Things I have done that you should really try not to – 2

I’m writing a series of articles for Linked In and I just can’t be arsed to write something different for my personal blog so shamelessly plagiarising myself…

It’s really important for a business mentor to talk not just from a point of lofty success but also from the valuable learnings that come from failure. So I present for your delight and delectation episode 2 of the series “Things I have done that you really should try not to”.

It was many many years ago when I was European Finance Director for an ad agency – let’s call it K Walter Thompson and I had been summoned to the Amsterdam headquarters of a major beer company who shall remain nameless (let’s call them Keineken) with the account director in charge who may well have been Matt Asinari. It was a very early flight and as any of you who have done that route will know, it’s such a short flight that the plane climbs for 20 minutes, is level for about 5, then descends for another 20.

At that hour of the morning on such a short flight I really didn’t fancy the steamed, slightly rubbery, cooked breakfast that came with the package in business class, so as the cabin steward leaned towards me with the tray I smiled sweetly and said,

“No thanks, just some coffee and juice.”

And as he twisted in mid air to divert my tray to the person next to me instead, we both watched in fascination as the tray took flight, hovered and landed upside down on my (not insubstantial) cream mohair sweater covered bosom. It was hot. I looked down. It had a stewed tomato in the tray. Well obviously no longer in the tray but balanced on my chest. The cabin steward, who I later discovered was on his very first flight, had a look of panic on his face that I hope I never see on a grown man in public again.

The primal part of his brain kicked in, and he reached out to pluck the offending tomato (and other assorted breakfast items) from my person and as his hand hovered about 2 inches from me, I saw the moment that his pre-frontal cortex kicked in and started shrieking at him –

“DON’T TOUCH THE CUSTOMER’S BOSOM! DON’T TOUCH THE CUSTOMER’S BOSOM!”

“FLIGHT, FIGHT OR FREEZE” his more primal instincts shrieked back.

He opted for freeze and stood half crouched over me with his hand hovering, clearly wanting to scoop tomato but unable to over-ride the imperative not to fondle the customers.

In the meantime lava-like tomato juices were seeping through my cream sweater to my skin underneath. And still I smiled (my mother would have been proud of all those years of training in our small corner shop) albeit through slightly more gritted teeth.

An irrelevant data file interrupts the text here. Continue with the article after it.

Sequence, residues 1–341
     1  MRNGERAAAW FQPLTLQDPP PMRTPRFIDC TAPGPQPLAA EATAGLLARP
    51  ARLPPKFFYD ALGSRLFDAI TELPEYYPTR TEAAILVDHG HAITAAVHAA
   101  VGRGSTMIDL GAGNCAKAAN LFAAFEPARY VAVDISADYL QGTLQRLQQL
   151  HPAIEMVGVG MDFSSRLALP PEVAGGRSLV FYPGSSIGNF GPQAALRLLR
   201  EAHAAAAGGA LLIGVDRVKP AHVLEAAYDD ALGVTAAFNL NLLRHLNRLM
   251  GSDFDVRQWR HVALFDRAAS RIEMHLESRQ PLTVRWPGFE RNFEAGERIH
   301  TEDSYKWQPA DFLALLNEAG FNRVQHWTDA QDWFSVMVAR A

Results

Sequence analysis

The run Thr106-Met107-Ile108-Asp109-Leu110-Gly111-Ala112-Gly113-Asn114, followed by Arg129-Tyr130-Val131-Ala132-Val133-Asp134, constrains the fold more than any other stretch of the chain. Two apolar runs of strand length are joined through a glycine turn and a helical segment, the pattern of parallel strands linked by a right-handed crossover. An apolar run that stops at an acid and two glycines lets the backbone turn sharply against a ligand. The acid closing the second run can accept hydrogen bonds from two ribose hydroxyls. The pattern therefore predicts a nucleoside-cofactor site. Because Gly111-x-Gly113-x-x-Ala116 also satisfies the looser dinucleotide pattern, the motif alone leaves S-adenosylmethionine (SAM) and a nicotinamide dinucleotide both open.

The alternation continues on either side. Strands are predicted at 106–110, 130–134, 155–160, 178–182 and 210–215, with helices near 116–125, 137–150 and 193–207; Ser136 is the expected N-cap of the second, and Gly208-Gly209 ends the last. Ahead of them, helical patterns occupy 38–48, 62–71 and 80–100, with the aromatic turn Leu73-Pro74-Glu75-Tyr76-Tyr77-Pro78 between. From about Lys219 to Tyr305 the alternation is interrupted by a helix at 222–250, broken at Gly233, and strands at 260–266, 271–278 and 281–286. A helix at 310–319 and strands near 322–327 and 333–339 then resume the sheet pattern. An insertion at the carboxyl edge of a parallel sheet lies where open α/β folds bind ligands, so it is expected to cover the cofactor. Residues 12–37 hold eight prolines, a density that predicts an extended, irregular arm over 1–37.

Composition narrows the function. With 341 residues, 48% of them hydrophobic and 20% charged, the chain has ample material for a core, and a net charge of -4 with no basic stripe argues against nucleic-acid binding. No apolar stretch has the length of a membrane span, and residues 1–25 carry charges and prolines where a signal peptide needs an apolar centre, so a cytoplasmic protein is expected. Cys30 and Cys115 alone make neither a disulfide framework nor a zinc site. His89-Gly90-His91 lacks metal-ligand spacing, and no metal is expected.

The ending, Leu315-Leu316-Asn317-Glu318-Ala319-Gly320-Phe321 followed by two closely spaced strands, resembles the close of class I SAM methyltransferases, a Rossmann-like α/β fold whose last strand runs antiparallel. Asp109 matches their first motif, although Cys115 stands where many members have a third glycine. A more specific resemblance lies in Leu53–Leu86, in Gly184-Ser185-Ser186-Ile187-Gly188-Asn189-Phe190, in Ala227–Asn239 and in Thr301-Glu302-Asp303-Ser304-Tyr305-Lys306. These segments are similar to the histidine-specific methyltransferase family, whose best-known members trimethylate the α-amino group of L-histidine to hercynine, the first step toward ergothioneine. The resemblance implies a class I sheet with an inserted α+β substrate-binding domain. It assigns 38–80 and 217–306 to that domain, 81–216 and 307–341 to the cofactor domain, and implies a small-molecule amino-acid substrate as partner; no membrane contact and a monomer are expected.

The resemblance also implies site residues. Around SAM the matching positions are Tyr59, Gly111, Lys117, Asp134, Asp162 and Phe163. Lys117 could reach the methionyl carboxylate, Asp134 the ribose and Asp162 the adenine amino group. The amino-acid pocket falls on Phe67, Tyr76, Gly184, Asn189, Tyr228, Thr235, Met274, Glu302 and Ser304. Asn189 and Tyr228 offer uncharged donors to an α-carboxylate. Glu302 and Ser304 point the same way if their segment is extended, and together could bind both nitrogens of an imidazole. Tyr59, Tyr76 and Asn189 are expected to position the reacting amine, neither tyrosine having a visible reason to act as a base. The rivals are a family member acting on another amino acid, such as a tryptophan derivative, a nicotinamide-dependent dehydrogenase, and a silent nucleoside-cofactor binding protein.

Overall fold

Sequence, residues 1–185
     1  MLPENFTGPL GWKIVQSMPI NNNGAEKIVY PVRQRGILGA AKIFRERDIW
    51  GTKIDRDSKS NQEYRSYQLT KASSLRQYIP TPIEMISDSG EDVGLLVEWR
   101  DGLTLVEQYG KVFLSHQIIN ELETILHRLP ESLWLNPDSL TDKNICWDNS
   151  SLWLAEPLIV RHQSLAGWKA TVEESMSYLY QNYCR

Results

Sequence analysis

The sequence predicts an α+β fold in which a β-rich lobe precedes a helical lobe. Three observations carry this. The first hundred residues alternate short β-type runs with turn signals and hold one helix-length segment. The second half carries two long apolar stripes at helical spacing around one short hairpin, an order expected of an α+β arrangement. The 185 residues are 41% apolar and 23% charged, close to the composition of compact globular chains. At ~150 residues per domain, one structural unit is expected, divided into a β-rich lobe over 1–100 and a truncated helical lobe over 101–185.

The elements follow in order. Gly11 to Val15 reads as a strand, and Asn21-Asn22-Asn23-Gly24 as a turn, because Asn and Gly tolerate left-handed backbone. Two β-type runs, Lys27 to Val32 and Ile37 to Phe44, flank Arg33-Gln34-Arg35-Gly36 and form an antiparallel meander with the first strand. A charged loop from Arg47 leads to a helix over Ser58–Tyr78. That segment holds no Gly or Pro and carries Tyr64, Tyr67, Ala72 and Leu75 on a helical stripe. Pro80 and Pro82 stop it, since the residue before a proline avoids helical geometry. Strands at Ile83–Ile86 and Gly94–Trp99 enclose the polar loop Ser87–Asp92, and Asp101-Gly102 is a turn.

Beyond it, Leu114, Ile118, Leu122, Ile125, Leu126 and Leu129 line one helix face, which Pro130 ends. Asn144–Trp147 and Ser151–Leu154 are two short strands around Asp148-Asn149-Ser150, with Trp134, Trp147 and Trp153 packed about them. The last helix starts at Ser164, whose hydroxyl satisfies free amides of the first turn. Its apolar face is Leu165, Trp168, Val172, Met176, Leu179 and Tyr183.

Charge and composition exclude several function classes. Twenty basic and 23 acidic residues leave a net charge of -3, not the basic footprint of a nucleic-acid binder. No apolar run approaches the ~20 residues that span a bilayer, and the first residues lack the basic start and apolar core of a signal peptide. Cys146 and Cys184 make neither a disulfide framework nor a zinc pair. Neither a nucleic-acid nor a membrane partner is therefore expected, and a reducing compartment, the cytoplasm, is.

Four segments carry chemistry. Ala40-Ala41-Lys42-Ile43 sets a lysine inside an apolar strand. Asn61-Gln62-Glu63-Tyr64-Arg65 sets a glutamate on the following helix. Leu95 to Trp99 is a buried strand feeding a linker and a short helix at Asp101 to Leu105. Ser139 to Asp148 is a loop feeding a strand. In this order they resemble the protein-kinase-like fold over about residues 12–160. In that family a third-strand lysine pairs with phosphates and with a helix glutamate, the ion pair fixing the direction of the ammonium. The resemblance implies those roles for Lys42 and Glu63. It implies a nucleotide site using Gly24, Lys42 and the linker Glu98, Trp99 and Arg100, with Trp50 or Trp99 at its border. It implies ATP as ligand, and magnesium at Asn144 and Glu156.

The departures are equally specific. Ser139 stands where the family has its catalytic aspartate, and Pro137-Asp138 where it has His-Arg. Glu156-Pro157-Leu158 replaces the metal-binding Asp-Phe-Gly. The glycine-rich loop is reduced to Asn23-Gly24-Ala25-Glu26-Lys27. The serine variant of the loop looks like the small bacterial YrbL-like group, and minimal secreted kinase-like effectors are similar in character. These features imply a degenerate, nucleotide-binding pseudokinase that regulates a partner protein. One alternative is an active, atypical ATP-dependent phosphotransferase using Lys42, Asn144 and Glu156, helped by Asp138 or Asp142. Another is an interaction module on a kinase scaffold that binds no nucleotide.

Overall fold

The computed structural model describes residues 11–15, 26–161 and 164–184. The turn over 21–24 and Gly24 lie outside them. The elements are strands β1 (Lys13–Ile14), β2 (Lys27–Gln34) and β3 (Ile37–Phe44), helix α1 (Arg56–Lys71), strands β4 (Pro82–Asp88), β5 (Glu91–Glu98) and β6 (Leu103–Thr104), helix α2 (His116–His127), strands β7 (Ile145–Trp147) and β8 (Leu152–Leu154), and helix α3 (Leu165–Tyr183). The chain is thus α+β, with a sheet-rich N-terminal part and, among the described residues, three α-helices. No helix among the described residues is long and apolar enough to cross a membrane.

Thankfully at this point, older, wiser and more female cabin crew had rushed to the rescue with cloths and I scraped my own breakfast back onto the tray whilst the original cabin steward was led away, a seething mumbling bundle of apologies, to go and lie down in a dark corner and do some deep breathing exercises. The head cabin stewardess sent him over with a dry cleaning voucher and a more coherent apology later in the flight and I smiled very charmingly at him, refused the dry cleaning voucher as my jumper was washable and asked him if he was OK.

“Don’t worry, accidents happen.”

Leaving the plane, the big chief of cabin crew caught up with me at the door and thrust a carrier bag into my hand whispering to me, “You were so nice to him and it’s his first day”.

I caught up with Matt who hadn’t been sitting near me and he looked quizzically at the pink splodgy pattern now decorating one side of my chest and opened his mouth. Paused, shut it again and ignored it.

Result!

OK so that was the plan. Just ignore. Never complain, never explain – I’ll go with that approach.

I looked in the carrier bag. There was about 8 small single serve bottles of champagne.

So I arrived at the European headquarters of Keineken and was ushered into a meeting room with clinking carrier bag, peculiar pink pattened sweater and smelling vaguely of tomato. The client never asked and I never explained.

Of course that could be the mistake or the thing I did which you should try not to do. But no. That came next.

In the meeting room, settling in making small talk whilst we waited for everyone to arrive and join us, the client started offering us coffee from the pot on the table.

“What? No Keineken?!” I questioned in my usual flippant way.

The client’s eyes lit up,

“But of course! Anyone else?”

All being of sound mind (and it being about 9am) they graciously declined and 10 minutes later a tray with one glass and two bottles of their finest premium quality lager beer was placed in front of me as everyone else tucked into their steaming hot caffeine laden coffee. I just couldn’t find a way to say,

“Actually I was just kidding, I don’t really want to drink a beer at 9am in a business meeting”

And given the way my day had gone I could quite imagine getting the nuance wrong and the client had looked so genuinely delighted I didn’t have the heart to pop his balloon. So the lesson for today is that if you are inclined to be flippant and you are in a meeting in a brewery, resist at all cost.

Mind you, I have always wondered if after we left someone said, “What was the slight scent of tomatoes and the clinking carrier bag all about?” (In Dutch).

Personally I have always wondered whether BA still serves cooked tomatoes as part of their breakfasts in business class on the early morning flights to Amsterdam or whether they too learnt their lesson – does anyone know?

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